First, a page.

After years of infighting, EU countries may finally be ready to tax digital companies fair and effectively.
Today, the internet has become a force driving the global economy and society. It shapes how we search content and do research, communicate with each other, and develop new technologies that streamline and automate our economy.
More than ever, the services industry, particularly digital services such as cloud service providers, forms an underlying backbone to today’s industry. However, while the digital transformation has streamlined and increased overall economic output, their intangible assets as well as outdated national and international fiscal legislation, often case allows digital companies to shift their profits between different tax jurisdictions.
Following years of some member states such as Ireland, Luxembourg and the Netherlands blocking any substantial progress on digital taxation at the EU-level – the Commission had first proposed a tax reform package in March 2018 – there are now slow, but steady steps seeking to effectively tax digital companies.
With digital companies able to quickly move assets spanning multiple tax jurisdictions, a majority of countries, such as those opposing an EU-only solution, call for an international solution. Such a solution, they argue, while taking longer to put in place and undoubtedly involving international compromises, will prevent companies shopping for their preferred tax jurisdiction.
With representatives of 134 countries meeting at the OECD’s Paris headquarters next week to find a compromise on global digital tax rules, the EU Finance Ministers, led by France, Germany, Italy and the UK, on Tuesday, rejected a watered down US proposal which would have made any OECD-agreed rules optional. Reiterating Ministers decisions, Commission Executive Vice President Valdis Dombrovskis told reporters that “tax, by definition, is a compulsory payment.”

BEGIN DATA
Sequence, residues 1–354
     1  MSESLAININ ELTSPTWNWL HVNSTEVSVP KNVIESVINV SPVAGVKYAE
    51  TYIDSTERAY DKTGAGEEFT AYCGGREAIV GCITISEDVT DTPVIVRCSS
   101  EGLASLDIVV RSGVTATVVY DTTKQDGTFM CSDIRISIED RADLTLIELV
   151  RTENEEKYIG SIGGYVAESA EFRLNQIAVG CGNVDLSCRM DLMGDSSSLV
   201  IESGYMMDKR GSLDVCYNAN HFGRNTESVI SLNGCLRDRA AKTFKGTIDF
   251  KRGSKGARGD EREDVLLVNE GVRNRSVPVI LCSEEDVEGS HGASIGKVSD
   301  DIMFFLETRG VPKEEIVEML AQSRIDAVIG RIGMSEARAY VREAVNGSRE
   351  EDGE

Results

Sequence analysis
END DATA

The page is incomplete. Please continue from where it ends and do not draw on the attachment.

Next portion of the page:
Meanwhile, with an OECD solution not expected before a June deadline, the European Commission is gearing up to revive its 2018 EU-only solution by the end of the year. Although detailed discussions are yet be established, it can be expected that any von der Leyen Commission proposal will be based on the latest March 2019 Council compromise text, which, at the time, did not achieve the required unanimous approval.
Yet, a number of member states, unwilling to wait, have since decided to implement domestic digital tax laws. France and Italy (both 3%), Austria (5%) the Czech Republic (7%) all have passed legislation levying duties on domestic digital profits from 2020 onwards. This decision has received scathing criticism from the United States, which has threatened substantial retaliatory tariffs should any of these duties be levied on US companies. Responding to the French plans, in particular, the US launched substantial actions threatening up to 100% tariffs on French goods, including wine.
Despite Presidents Macron and Trump reaching an agreement this week on deferring the duty collection and tariffs, the European Union is set to get serious this year on taxing digital companies.